Dutch FM Frans Timmermans said that while the Netherlands is opposed to a boycott of Israel, its policy is to discourage Dutch businesses from conducting business with Israeli settlements.
On Friday, Israel’s Ministry of Foreign Affairs summoned the ambassador to Israel of the Netherlands, Caspar Veldkamp, to provide clarifications on the decision of PGGM, a large pensions administrator, to divest from five Israeli banks because of their activities in West Bank settlements.
During the meeting between Veldkamp and Raphael Schutz, the ministry’s deputy director general on European affairs, Schutz told the ambassador that PGGM’s decision is “unacceptable and relies on false pretense,” according to a statement by the ministry.
Israel expected the Netherlands “in the spirit of friendship between our countries, to take an unequivocal stance against such steps, which only wreak damage to the relations,” the statement read.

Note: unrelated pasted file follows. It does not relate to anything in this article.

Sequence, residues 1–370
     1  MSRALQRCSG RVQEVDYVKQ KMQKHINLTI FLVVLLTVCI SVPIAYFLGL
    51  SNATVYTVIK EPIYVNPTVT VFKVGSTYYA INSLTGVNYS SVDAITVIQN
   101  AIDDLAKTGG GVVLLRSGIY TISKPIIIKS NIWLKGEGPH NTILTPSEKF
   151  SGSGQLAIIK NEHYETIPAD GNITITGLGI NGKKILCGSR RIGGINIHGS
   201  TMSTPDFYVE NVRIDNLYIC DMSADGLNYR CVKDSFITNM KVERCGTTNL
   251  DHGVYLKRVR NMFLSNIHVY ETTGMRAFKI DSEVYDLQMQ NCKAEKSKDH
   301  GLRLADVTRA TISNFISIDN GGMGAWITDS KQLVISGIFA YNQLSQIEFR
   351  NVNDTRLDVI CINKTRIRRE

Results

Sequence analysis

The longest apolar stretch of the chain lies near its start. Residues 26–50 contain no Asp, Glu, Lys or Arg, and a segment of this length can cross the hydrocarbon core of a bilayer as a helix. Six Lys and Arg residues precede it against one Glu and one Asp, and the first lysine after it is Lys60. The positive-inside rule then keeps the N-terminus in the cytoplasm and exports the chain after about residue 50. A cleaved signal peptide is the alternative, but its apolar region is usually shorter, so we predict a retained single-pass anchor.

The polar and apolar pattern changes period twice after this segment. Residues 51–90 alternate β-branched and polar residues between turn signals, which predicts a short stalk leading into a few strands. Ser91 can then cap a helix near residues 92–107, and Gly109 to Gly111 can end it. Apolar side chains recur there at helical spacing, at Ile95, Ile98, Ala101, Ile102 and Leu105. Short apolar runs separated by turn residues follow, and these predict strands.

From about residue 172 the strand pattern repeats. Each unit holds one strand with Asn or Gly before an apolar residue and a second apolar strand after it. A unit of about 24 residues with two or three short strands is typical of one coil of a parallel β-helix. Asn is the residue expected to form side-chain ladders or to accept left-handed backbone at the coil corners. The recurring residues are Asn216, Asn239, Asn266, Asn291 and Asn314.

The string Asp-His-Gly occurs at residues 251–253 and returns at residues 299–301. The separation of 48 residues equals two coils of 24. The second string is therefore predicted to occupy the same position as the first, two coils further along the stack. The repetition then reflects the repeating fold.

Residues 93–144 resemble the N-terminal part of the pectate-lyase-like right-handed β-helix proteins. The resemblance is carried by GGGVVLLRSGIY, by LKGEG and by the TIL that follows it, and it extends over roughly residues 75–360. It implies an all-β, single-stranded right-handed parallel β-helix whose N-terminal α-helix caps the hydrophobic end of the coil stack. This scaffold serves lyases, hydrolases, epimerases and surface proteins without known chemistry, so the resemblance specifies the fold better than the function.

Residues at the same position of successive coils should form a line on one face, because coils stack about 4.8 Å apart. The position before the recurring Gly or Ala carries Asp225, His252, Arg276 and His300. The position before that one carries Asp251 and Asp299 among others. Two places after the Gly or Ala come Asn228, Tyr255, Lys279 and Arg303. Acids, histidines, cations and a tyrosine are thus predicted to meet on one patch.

On Dec. 12, the ministry summoned Kamp to a meeting on the decision by the Dutch water company Vitens to pull the plug on its joint projects with Mekorot, a major Israeli counterpart, because of its operations in what the Netherlands considers occupied territory.
On Thursday, Dutch Foreign Minister Frans Timmermans said that while the Netherlands is opposed to a boycott of Israel, its policy is to discourage Dutch businesses from conducting business with Israeli settlements.
Kees van der Staaij, a pro-Israel lawmaker, said he would seek clarifications from the minister on what van der Staaij termed “a boycott atmosphere.”
On its website, the Hague-based Center for Information and Documentation on Israel, one of the country’s main pro-Israel groups, said that the “unclear policy of discouragement is threatening to turn into a boycott of Israel.”